Research supports during the 20-30 minutes immediately following a workout your body is most receptive to muscle glycogen and protein synthesis. Glycogen is a type of carbohydrate stored in your muscles and in your liver. During exercise glycogen stores are used for energy and muscles breakdown from stress. Consuming a post workout snack replenishes glycogen stores, supports the restoration and building of muscle tissue, reduces post exercise fatigue, and aids in faster recovery.

Research supports a 3:1 or 4:1 ratio of carbohydrates to protein is most effective in replenishing glycogen stores as well as increases the rate of protein synthesis. Consuming high protein snacks immediately post workout with little amounts of carbohydrates is not as effective for muscle tissue development. Alternatively consuming a snack mostly of carbs and very little protein is not as effective for muscle glycogen replenishment.
All sugar is not the same

Healthy balanced diets for athletes and nonathletes include limiting refined sugars. Processed foods, candy, and desserts are filled with sugar we want to avoid; for this reason sugar has a bad reputation. When it comes to increasing athletic performance sugar can be very effective and aid in workout recovery. Simple sugars such as glucose and fructose are rapidly absorbed and become excellent fuel sources during exercise. Post exercise, glucose especially, is quick to replenish depleted glycogen stores and reduce post exercise fatigue. Selecting natural sources of simple sugars, such as fruit, is recommended over candy or desserts.

Liquid post workout snacks can be consumed fast, aid in rehydration, and may be more portable than solid foods. Based on your preferences solid foods can be equally as effective. Aim for foods rich in glucose, high in glycemic value, and low in fat. The longer the duration and intensity of your workout, the more carbs and protein your body needs. Typically aiming for a 200-300 calorie snack is adequate for most workouts. Low intensity exercise and short duration may only require regular meals to properly refuel stores.
Post Workout Snacks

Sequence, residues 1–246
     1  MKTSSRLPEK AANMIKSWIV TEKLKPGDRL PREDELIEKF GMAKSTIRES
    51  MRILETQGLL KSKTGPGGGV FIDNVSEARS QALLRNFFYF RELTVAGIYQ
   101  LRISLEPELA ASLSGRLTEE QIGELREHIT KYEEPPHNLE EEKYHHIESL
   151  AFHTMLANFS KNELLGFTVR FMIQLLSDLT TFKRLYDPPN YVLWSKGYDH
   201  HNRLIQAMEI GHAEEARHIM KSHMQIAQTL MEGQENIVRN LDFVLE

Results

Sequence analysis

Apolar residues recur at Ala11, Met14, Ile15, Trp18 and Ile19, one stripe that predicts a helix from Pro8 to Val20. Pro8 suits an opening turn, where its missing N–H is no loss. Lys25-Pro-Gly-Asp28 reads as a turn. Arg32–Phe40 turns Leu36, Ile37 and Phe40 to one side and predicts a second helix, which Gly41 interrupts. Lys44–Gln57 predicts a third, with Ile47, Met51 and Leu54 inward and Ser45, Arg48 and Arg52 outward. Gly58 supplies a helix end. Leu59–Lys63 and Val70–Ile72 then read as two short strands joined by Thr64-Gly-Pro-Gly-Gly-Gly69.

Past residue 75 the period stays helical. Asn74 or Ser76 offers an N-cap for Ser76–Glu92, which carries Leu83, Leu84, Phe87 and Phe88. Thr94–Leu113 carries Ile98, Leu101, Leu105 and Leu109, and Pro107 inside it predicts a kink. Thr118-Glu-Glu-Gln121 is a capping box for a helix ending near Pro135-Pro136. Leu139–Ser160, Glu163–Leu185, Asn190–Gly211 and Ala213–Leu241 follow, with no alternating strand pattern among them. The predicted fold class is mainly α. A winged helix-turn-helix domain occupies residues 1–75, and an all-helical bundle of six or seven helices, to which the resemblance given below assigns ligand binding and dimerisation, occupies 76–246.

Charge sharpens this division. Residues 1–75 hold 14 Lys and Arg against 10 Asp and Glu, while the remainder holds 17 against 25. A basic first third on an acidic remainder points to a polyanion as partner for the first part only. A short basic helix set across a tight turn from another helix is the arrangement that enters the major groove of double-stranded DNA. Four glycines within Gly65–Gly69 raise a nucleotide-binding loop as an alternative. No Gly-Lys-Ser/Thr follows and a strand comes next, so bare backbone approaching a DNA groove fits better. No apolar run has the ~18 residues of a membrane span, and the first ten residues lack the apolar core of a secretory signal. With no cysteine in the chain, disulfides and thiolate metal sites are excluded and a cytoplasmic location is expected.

1 low fat string cheese and 1 apple (122 calories, 20g carbs, 6g protein)
1 cup low fat chocolate milk (170 calories, 25g carbs, 8g protein)
2 oz sliced turkey and 10 crackers (184 calories, 24g carbs, 9g protein)
¼ cup raisins with 1 low fat string cheese (190 calories, 32g carbs, 9g protein)
1 cup cheerios with 1 cup skim milk (191 calories, 34g carbs, 11.5g protein)
1 English muffin, 1 oz turkey, and 2 tbs hummus (219 calories, 30g carbs, 11g protein)
1 cup vegetable lentil soup with 5 crackers (230 calories, 41g carbs, 10g protein)
Smoothie with 1 cup skim milk, 1 tbs peanut butter, ½ banana, and ½ cup strawberries (245 calories, 35.5g carbs, 12g protein)
Low fat fruit flavored Greek yogurt and 1 banana (245 calories, 47g carbs, 15g protein)
1 English muffin, ¼ cup low fat cheese, ½ cup tomato sauce, and 1 cup vegetable soup (320 calories, 52g carbs, 14g protein)
2 waffles, 1/3 cup plain nonfat yogurt and 1 tbs almond butter (334 calories, 36g carbs, 11g protein)
1 plain bagel and 1 hardboiled egg (344 calories, 52g carbs, 16g protein)
¾ cup low fat berry granola with 1 cup low fat plain yogurt (364 calories, 62g carbs, 17g protein)
2 tbs peanut butter, 2 tsp jelly and 2 slices bread (400 calories, 43g carbs, 14g protein)
1 roll, 1 oz turkey, 1oz low fat cheese, spinach, tomato, 8 oz orange juice (400 calories, 67g carbs, 17g protein)

Tuesday, April 15, 2014

Drink to Good Health: Resveratrol

This polyphenol (a type of plant compound) is an antioxidant that is naturally produced by several plants to provide protection from bacteria and pathogens. Red wine particularly has been touted as an excellent source of resveratrol, however the compound can also be found in blueberries, cocoa powder, cranberries, lingonberries, mulberries, peanuts, pistachios, purple grapes, red grapes, and in the roots of the Japanese knotweed plant.